STAFF BLOG BISON MEDIA BLOG Bison Video Blog: Monday presser recap, UNI preview
Join WDAY sports director Dom Izzo and The Forum's Jeff Kolpack for the Bison Video Blog! Jeff and Dom will recap the Monday morning NDSU Athletics presser and preview this weekend's game against UNI.... Posted on 11/3/14 at 3:20 PM
NDAD INSIGHT NDAD's 20th Escape to the Lake a few weeks away
The 20th Escape to the Lake created by NDAD is set for Sat., June 21, at Nelson Lake Recreation Area near Center, N.D., in Oliver County northwest of Bismarck and Mandan.
The adaptive water recreat... Posted on 6/5/14 at 10:07 AM
BLUE CROSS BLUE SHIELD OF NORTH DAKOTA Employer mandate delayed until 2015
Last month the federal government announced a one-year delay in the employer mandate provision in the Affordable Care Act until 2015. The employer mandate requires companies that employ more than 50 f... Posted on 8/5/13 at 12:28 PM
BISMARCK, N.D. – Attorneys representing North Dakota college students soon won’t have to sit on the sidelines during university disciplinary hearings that could lead to suspension or expulsion.
State lawmakers gave final approval Monday to Senate Bill 2150, which gives students at the state’s 11 public colleges and universities the right to be represented – at their own expense – by an attorney or advocate who may “fully participate” in such disciplinary hearings.
The right doesn’t apply to matters involving academic misconduct.
Assistance for human trafficking victims also approved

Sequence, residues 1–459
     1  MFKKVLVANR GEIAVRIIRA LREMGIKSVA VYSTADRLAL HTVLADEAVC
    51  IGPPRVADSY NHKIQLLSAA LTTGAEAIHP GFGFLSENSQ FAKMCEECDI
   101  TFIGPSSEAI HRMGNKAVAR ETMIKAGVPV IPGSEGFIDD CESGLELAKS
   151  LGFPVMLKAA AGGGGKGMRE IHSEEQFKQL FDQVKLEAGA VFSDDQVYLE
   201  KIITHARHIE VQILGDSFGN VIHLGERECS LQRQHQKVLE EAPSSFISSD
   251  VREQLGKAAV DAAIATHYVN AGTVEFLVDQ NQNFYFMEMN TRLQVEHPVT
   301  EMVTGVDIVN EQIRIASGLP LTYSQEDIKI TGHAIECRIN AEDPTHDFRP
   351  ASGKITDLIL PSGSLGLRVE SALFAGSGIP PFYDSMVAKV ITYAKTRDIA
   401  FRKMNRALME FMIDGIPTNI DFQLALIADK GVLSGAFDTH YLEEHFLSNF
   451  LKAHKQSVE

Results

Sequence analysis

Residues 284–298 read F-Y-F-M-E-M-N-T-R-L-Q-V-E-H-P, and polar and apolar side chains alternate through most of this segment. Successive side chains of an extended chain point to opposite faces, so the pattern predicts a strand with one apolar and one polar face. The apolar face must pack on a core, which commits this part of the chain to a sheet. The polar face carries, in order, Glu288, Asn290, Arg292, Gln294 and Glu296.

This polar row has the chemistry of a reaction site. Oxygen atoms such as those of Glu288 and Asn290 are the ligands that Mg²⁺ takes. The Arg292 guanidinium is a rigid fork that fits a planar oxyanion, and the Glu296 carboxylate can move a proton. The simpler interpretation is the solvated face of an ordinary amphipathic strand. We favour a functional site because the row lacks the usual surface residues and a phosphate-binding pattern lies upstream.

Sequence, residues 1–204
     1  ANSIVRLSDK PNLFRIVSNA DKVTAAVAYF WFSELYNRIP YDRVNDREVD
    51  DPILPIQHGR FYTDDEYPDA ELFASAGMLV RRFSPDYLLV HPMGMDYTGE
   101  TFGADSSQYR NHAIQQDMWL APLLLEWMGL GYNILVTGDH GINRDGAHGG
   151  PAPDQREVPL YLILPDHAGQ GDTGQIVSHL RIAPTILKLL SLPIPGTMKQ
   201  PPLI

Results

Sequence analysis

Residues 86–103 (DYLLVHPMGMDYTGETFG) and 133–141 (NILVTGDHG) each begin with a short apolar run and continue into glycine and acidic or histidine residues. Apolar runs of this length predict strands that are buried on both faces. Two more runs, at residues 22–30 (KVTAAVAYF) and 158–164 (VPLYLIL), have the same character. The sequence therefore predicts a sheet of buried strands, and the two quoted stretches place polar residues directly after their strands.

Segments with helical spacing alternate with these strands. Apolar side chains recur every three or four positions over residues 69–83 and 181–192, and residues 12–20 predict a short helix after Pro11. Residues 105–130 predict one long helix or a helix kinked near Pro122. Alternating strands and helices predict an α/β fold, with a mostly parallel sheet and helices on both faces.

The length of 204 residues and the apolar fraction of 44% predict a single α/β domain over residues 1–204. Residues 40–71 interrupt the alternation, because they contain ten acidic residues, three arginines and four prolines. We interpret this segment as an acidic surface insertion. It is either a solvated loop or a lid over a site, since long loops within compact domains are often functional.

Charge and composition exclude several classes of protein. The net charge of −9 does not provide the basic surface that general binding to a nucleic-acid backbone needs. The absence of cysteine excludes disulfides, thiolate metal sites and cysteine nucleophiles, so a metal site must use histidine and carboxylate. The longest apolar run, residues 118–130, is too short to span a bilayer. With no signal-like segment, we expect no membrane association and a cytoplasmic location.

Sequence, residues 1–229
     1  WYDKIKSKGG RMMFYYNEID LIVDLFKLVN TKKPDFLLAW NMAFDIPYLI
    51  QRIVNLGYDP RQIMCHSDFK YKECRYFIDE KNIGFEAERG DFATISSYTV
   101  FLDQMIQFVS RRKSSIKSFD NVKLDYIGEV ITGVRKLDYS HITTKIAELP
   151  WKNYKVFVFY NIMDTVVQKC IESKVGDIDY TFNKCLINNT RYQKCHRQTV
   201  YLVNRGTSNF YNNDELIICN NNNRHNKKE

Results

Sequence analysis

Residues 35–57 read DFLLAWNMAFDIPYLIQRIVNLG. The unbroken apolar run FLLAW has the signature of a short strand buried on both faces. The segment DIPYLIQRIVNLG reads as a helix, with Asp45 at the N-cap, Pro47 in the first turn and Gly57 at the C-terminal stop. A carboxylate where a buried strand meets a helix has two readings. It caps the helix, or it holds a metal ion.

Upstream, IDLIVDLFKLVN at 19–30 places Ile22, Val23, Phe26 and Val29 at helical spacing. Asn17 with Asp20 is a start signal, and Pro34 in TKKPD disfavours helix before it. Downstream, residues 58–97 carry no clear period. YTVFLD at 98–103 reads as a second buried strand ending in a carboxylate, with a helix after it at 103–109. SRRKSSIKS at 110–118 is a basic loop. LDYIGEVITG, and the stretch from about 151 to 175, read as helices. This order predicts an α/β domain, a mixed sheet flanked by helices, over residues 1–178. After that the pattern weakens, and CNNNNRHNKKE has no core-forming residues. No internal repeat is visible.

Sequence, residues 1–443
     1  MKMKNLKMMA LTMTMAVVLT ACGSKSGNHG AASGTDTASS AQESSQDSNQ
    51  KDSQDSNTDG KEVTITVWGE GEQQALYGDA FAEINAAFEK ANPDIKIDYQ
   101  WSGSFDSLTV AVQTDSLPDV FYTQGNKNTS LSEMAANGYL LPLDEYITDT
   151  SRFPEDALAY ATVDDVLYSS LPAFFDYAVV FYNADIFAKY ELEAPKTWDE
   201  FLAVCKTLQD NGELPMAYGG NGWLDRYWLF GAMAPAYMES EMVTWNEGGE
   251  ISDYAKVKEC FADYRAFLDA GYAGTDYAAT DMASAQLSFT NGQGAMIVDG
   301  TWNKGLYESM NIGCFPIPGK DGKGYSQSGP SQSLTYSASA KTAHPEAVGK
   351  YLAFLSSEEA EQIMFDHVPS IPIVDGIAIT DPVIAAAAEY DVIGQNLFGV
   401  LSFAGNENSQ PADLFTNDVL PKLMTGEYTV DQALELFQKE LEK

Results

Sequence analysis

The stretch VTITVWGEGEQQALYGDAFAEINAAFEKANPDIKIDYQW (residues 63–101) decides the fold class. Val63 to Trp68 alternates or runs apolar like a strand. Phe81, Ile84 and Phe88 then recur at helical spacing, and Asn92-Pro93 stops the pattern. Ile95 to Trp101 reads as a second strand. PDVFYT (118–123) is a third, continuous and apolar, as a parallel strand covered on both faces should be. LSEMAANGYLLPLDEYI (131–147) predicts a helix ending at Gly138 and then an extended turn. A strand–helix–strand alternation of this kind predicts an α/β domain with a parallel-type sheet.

BISMARCK, N.D. – After being criticized for yanking funding from the bill a week ago, House lawmakers voted Monday to restore $250,000 to legislation designed to shorten wait times for rape victims who need sexual assault examinations.
Lawmakers also gave final approval to a bill with $1.25 million in grant funding for organizations that provide treatment and shelter services for human trafficking victims.
“These victims are the definition of exploited, and we need to get them services,” said Sen. Kelly Armstrong, R-Dickinson.
BISMARCK, N.D. – Senators scratched language from a bill Monday that could have forced the North Dakota Public Employees Retirement System to rebid an expensive contract making Sanford Health Plan the insurance carrier for the group’s roughly 66,000 covered lives on July 1.
The Senate unanimously approved amendments to House Bill 1475 but didn’t vote on the amended bill.
BISMARCK, N.D. -- A Fort Yates man is in federal custody after being accused of sexually assaulting a Fort Yates woman, who was later found dead.
Richmond White Eagle, 34, was charged Monday in U.S. District Court of North Dakota with felony sexual abuse of a person physically incapable of declining participation.